Read the brief here
Co-organized by the South Asia Gender Innovation Lab (SAR GIL) and the Evidence Consortium on Women's Groups (ECWG), the webinar presented findings from three streams of work supported by the South Asia Gender Innovation Lab.
- A typology of women’s groups in South Asia with a particular focus on the design frameworks, implementation modalities, and composition of groups. Presented by Sapna Desai and Thomas de Hoop.
- Findings from a recent systematic review that assesses the impacts of SHG interventions on women’s economic participation and empowerment outcomes in South Asia. Presented by Amna Javed.
- Implementation and design experiences from the Strengthening Afghan Women’s Economic Empowerment Project (SWEEP) in Afghanistan. Presented by Sarah Haddock.
See the Video here
Access the materials here
©Gates Archive/Saumya Khandelwal
From our partners
CARE’s Women Respond initiative was launched in April 2020. The initiative is a listening exercise, learning from women to better understand the unique situation COVID-19 presents, to refine programming and advocacy, and elevate women’s voices and concerns to meet their challenges. Under the umbrella of Women Respond, CARE implemented the Women (in VSLAs) Respond initiative, assessing how members of Village Savings & Loan Associations (VSLAs), particularly women and girls, are affected by and responding to the pandemic. Women (in VSLAs) Respond sought to assess how VSLA members as individuals and VSLAs as groups are affected by the pandemic and how they responded and adapted to cope with the crisis. Four rounds of quantitative and two rounds of qualitative data collection were conducted in the six countries to listen to VSLA members’ experiences of COVID-19. This report is the final analysis and examines the findings from the six countries’. The report analyzes and shares the individual impact, needs and responses VSLA members reported throughout the data collection.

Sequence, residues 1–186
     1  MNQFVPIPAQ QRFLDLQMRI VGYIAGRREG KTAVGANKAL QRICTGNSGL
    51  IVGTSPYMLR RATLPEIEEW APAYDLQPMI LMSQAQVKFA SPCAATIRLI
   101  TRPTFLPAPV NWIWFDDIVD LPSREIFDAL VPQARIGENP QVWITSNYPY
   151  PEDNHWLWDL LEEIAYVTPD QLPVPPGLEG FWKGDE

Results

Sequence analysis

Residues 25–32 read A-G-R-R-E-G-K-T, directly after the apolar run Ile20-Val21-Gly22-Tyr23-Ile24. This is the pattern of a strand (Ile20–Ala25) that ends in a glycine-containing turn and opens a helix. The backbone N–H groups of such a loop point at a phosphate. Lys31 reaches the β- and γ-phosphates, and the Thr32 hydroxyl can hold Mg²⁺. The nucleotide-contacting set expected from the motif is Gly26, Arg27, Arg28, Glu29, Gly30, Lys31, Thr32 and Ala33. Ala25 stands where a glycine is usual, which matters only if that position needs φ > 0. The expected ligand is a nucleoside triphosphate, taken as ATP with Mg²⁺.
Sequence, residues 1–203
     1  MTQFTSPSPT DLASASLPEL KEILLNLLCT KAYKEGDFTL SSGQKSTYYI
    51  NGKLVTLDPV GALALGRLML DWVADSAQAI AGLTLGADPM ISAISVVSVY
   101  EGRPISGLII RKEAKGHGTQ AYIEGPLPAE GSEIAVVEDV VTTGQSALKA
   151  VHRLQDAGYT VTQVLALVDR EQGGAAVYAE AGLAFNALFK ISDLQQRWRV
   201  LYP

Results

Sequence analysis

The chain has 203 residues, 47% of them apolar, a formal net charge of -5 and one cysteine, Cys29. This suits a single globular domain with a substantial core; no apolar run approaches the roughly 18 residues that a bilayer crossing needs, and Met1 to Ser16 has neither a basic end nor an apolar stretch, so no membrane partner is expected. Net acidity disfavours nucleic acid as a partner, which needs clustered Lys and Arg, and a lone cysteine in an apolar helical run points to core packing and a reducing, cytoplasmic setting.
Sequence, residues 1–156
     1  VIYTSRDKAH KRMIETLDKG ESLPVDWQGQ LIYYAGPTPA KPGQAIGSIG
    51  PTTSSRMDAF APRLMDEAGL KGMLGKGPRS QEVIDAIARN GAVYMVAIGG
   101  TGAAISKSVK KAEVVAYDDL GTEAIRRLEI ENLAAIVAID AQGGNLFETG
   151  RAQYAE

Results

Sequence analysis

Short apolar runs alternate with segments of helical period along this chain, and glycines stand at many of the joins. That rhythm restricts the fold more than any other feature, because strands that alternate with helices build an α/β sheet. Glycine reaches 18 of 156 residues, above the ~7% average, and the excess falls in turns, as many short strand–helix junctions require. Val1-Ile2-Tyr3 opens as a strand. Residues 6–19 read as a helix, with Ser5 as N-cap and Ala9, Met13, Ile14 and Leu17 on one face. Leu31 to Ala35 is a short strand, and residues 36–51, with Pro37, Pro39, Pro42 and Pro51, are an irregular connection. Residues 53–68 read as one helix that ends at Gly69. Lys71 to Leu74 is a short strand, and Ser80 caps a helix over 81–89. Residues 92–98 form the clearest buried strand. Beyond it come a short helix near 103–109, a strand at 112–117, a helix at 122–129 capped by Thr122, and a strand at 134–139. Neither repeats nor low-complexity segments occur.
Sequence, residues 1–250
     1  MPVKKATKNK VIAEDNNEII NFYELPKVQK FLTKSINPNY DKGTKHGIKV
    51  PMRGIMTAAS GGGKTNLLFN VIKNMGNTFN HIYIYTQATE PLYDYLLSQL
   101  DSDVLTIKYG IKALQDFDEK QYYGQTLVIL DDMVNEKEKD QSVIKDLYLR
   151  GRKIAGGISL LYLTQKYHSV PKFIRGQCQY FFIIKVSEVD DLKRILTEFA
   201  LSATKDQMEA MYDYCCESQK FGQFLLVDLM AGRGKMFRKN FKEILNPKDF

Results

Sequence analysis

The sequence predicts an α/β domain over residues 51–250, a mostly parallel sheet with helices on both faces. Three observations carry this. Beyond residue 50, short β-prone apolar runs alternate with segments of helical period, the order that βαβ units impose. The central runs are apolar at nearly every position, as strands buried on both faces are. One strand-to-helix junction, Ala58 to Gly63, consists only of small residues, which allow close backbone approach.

Read the report here